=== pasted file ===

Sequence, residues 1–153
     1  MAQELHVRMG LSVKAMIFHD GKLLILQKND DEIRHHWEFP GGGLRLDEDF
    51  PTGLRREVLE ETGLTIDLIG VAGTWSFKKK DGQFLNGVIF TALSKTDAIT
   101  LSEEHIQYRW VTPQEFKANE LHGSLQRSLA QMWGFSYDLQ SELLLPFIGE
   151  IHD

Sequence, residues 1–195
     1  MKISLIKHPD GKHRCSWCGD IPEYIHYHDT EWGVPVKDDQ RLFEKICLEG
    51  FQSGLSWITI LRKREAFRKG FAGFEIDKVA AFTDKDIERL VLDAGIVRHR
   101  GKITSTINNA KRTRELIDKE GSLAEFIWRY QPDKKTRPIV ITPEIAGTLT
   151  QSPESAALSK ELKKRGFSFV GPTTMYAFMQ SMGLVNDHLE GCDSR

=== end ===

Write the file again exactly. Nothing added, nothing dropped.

Sequence, residues 1–153
     1  MAQELHVRMG LSVKAMIFHD GKLLILQKND DEIRHHWEFP GGGLRLDEDF
    51  PTGLRREVLE ETGLTIDLIG VAGTWSFKKK DGQFLNGVIF TALSKTDAIT
   101  LSEEHIQYRW VTPQEFKANE LHGSLQRSLA QMWGFSYDLQ SELLLPFIGE
   151  IHD

Sequence, residues 1–195
     1  MKISLIKHPD GKHRCSWCGD IPEYIHYHDT EWGVPVKDDQ RLFEKICLEG
    51  FQSGLSWITI LRKREAFRKG FAGFEIDKVA AFTDKDIERL VLDAGIVRHR
   101  GKITSTINNA KRTRELIDKE GSLAEFIWRY QPDKKTRPIV ITPEIAGTLT
   151  QSPESAALSK ELKKRGFSFV GPTTMYAFMQ SMGLVNDHLE GCDSR